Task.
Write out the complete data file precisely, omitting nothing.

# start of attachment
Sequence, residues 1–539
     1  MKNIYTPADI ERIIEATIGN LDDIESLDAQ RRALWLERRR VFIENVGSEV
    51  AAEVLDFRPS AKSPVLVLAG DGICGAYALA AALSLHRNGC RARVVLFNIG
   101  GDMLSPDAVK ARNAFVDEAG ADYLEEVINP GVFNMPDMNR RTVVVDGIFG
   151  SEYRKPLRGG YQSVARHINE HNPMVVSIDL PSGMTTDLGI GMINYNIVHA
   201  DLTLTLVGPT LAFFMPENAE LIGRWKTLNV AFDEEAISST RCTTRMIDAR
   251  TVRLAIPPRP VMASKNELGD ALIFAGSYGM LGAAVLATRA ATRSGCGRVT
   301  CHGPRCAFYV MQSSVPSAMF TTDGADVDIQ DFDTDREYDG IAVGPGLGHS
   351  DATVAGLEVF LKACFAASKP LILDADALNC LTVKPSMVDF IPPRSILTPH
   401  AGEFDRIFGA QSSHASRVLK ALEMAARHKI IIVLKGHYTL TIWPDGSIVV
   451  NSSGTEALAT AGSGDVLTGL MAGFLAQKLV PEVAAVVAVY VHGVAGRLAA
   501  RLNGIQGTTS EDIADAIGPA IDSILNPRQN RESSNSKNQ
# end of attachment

Sequence, residues 1–539
     1  MKNIYTPADI ERIIEATIGN LDDIESLDAQ RRALWLERRR VFIENVGSEV
    51  AAEVLDFRPS AKSPVLVLAG DGICGAYALA AALSLHRNGC RARVVLFNIG
   101  GDMLSPDAVK ARNAFVDEAG ADYLEEVINP GVFNMPDMNR RTVVVDGIFG
   151  SEYRKPLRGG YQSVARHINE HNPMVVSIDL PSGMTTDLGI GMINYNIVHA
   201  DLTLTLVGPT LAFFMPENAE LIGRWKTLNV AFDEEAISST RCTTRMIDAR
   251  TVRLAIPPRP VMASKNELGD ALIFAGSYGM LGAAVLATRA ATRSGCGRVT
   301  CHGPRCAFYV MQSSVPSAMF TTDGADVDIQ DFDTDREYDG IAVGPGLGHS
   351  DATVAGLEVF LKACFAASKP LILDADALNC LTVKPSMVDF IPPRSILTPH
   401  AGEFDRIFGA QSSHASRVLK ALEMAARHKI IIVLKGHYTL TIWPDGSIVV
   451  NSSGTEALAT AGSGDVLTGL MAGFLAQKLV PEVAAVVAVY VHGVAGRLAA
   501  RLNGIQGTTS EDIADAIGPA IDSILNPRQN RESSNSKNQ